Paper ID: | 2086 |
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Title: | Universal consistency and minimax rates for online Mondrian Forests |

Summary:
This paper proposes a modification of Mondorian Forest which is a variant of Random Forest, a majority vote of decision trees. The authors show that the modified algorithm has the consistency property while the original algorithm does not have one. In particular, when the conditional probability function is Lipschitz, the proposed algorithm achieves the minimax error rate, where the lower bound is previously known.
Comments:
The technical contribution is to refine the original version of the Mondorian Forest and prove its consistency. The theoretical results are nice and solid. The main idea comes from the original algorithm, thus the originality of the paper is a bit incremental.
I’m wondering that in Theorem 2, there is no factor about K, the number of Mondrian trees, as authors mentioned in Section 5. In my intuition, it is natural that many K results more accurate and converges faster. Ultimately, Theorem 2 says the Mondrian forest works well even if K=1. Is there any theoretical evidence of advantage by using many Mondrian trees?
Computational time of Algorithm 4 is not clear. It seems to me that increasing lifetime parameters leads more time consumption in SplitCell.
In theorem 2, it is natural to measure the difference between two distributions by KL divergence. Do you have any idea of using another discrepancy measure instead of the quadratic loss? Additionally, the proof, the variance of noise \sigma assumed to be a constant. Is it a natural setting?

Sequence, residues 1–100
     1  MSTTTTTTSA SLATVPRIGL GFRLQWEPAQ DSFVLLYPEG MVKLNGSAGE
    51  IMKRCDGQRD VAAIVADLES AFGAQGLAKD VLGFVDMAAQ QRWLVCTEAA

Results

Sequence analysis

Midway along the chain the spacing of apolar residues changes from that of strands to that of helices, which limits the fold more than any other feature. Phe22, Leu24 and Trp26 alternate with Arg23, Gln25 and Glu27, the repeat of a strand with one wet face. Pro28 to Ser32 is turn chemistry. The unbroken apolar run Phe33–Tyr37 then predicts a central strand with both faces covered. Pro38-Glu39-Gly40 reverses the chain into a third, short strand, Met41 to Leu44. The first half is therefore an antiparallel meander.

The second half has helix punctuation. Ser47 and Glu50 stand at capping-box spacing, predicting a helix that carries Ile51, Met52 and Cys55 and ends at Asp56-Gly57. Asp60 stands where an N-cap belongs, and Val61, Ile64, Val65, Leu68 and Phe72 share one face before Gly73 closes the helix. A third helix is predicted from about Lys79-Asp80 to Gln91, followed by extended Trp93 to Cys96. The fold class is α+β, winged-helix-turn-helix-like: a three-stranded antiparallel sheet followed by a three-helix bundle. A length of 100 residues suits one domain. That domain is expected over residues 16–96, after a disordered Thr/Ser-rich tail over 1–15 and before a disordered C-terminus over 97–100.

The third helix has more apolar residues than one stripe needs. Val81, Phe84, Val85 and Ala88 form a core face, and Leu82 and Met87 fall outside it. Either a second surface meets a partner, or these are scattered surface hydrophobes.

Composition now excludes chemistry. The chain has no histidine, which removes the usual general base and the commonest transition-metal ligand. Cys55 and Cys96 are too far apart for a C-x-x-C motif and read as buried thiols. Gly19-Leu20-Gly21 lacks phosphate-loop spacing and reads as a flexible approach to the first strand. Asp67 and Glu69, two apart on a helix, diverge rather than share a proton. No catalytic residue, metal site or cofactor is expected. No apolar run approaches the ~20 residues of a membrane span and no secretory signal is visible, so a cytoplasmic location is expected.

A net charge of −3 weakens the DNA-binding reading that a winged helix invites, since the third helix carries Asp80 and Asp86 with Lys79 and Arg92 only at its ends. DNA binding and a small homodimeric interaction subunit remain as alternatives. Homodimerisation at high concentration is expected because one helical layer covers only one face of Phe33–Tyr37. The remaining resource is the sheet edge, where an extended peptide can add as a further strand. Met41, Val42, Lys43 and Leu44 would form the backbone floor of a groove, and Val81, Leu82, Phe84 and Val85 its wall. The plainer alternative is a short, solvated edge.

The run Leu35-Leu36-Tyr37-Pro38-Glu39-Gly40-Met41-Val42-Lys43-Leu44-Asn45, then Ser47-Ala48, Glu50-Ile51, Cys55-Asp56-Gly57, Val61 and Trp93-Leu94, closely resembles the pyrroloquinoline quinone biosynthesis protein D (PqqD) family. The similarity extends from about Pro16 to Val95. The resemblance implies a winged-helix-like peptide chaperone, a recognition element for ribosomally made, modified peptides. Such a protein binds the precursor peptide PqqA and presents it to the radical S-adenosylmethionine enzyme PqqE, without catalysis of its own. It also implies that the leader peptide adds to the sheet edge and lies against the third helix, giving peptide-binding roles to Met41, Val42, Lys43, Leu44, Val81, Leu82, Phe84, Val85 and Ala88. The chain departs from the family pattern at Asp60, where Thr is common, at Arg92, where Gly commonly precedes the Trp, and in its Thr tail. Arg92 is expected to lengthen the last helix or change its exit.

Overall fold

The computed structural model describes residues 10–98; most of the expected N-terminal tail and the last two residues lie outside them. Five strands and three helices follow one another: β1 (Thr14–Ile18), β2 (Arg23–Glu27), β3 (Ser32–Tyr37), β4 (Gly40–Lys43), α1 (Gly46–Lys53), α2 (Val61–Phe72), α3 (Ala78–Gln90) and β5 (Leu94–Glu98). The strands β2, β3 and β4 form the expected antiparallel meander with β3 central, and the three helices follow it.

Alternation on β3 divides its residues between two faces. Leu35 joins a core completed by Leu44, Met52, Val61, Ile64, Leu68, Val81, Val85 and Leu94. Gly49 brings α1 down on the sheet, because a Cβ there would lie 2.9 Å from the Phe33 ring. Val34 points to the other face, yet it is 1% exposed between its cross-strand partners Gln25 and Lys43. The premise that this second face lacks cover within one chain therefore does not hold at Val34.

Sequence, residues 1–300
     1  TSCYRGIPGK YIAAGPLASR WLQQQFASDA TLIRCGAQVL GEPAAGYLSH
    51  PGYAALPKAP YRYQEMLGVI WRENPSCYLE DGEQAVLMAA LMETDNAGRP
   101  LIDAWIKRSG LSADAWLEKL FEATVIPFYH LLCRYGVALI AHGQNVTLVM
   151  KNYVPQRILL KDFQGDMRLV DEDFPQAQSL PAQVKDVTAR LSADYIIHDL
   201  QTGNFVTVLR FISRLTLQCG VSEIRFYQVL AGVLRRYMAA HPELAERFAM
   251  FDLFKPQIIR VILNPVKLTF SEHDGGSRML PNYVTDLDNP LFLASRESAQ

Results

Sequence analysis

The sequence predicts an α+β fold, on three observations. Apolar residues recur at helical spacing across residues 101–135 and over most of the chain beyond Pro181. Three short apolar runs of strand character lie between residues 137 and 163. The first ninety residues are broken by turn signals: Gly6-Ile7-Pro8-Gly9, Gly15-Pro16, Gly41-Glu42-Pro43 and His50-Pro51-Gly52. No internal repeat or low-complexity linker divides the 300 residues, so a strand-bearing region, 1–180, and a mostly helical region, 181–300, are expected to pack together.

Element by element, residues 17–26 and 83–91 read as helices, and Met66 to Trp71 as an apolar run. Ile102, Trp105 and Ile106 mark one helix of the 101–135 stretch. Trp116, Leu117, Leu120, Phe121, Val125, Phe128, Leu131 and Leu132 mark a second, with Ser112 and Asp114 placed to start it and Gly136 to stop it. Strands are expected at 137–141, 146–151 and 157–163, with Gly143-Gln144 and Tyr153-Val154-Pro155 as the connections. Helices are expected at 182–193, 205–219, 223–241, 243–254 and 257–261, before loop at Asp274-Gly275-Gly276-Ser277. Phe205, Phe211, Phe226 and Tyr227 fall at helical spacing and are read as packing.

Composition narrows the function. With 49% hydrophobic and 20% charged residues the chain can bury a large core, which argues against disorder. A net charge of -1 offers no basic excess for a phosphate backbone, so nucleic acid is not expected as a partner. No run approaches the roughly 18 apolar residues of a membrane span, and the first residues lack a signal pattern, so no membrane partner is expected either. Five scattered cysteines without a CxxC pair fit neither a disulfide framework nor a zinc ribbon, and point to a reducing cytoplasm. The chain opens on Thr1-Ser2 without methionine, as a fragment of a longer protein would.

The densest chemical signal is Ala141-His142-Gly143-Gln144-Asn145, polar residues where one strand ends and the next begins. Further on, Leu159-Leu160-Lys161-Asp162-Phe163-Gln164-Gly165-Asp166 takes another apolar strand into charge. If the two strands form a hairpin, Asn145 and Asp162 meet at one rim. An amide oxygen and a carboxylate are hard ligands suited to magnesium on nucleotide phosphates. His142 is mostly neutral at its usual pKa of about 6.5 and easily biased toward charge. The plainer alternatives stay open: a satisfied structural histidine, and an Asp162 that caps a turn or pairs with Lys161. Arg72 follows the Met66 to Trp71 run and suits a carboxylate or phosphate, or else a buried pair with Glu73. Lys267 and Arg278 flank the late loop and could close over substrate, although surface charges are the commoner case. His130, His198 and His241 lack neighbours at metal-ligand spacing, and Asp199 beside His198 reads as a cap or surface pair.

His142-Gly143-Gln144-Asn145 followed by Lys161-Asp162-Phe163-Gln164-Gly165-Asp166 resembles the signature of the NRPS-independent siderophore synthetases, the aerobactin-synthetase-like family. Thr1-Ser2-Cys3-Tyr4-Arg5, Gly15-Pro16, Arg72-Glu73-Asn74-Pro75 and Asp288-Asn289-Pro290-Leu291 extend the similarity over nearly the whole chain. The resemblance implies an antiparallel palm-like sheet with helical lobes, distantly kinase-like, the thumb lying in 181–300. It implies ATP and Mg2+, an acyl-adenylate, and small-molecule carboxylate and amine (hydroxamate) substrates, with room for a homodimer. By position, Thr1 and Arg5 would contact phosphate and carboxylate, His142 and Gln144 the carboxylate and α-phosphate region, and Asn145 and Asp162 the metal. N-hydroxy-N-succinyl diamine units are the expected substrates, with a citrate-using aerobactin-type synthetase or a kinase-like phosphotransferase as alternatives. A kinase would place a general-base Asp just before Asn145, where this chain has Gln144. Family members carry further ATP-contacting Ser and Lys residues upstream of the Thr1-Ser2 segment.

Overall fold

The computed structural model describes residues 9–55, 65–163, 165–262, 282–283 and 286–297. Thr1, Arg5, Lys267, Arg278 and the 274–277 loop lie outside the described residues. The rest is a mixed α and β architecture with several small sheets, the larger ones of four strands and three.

Minor Comments:
Line 111 g_n(x,Z_k) -> \hat{g}_n(x,Z_k)
Line 117 \nu_{d_\eta} -> \nu_{\eta}
Line 3 of pseudocode of Algorithm 2 \tau_A -> \tau
Line 162 M_{\lambda^{\prime}} \sim MP(\lambda,C) -> M_{\lambda^{\prime}} \sim MP(\lambda^{\prime},C)

In this paper, the authors study the consistency of an algorithm of Mondrian Forest. First, they propose to use an increasing lifetime parameters in Mondrian Forest, and develop an updating rule that works in online setting. Then, they establish simple conditions for consistency, and also prove that their algorithm achieves the minimax rate for the estimation of a Lipschitz regression function.
Strong Points:
1. This paper is well-motivated.
2. The authors present conditions for consistency of their modified Mondrian Forest, which is novel.
3. The convergence rate is minimax optimal, which is quite strong.
Limitations:
1. A potential limitation is the explicit dependence on the dimensionality $d$.
2. There are no empirical studies of their modified algorithm.
Questions:
1. The results in this paper do not have any dependence on the number of trees $K$. Does it mean we can set $K=1$? If this is true, why do we need forest? A single tree is enough.
2. What value of $\lambda_n$ should we use in practice?

This paper consider the consistency of a (online) variant of Mondrian Forest. The authors amend the original Mondrian Forest algorithm where a fixed lifetime parameter hinders statistical consistency of the original procedure. The authors modify the modified Mondrian Forest algorithm grows trees with increasing lifetime parameters, and uses an alternative updating rule, allowing to work also in an online fashion. Then, the authors prove the statistical consistency of the modified Mondrian Forest algorithm, and achieve the minimax rate (optimal rate) for the estimation of a Lipschitz regression function.
This work is generally well-written, while I have the following concerns:
1) The proposed online algorithm is a modification of original Mondrian Forest with different parameter, and the statistical consistency depends on the choices on the parameter. How about the performance on real datasets? I think the authors should present some real experiments to show the effectiveness of the proposed online learning algorithm, especially for the generalization of the proposed algorithm.
2) It is easy to prove the main statistical consistency and the minimax rate without new technical insights from theoretical view.